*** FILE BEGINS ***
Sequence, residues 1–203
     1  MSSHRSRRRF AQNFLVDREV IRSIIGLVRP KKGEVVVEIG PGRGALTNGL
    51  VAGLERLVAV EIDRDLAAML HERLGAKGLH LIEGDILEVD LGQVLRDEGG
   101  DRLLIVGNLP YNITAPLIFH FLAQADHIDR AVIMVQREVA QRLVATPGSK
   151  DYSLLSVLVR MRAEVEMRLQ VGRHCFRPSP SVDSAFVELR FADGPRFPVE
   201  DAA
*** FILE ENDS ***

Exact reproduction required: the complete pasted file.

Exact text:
Sequence, residues 1–203
     1  MSSHRSRRRF AQNFLVDREV IRSIIGLVRP KKGEVVVEIG PGRGALTNGL
    51  VAGLERLVAV EIDRDLAAML HERLGAKGLH LIEGDILEVD LGQVLRDEGG
   101  DRLLIVGNLP YNITAPLIFH FLAQADHIDR AVIMVQREVA QRLVATPGSK
   151  DYSLLSVLVR MRAEVEMRLQ VGRHCFRPSP SVDSAFVELR FADGPRFPVE
   201  DAA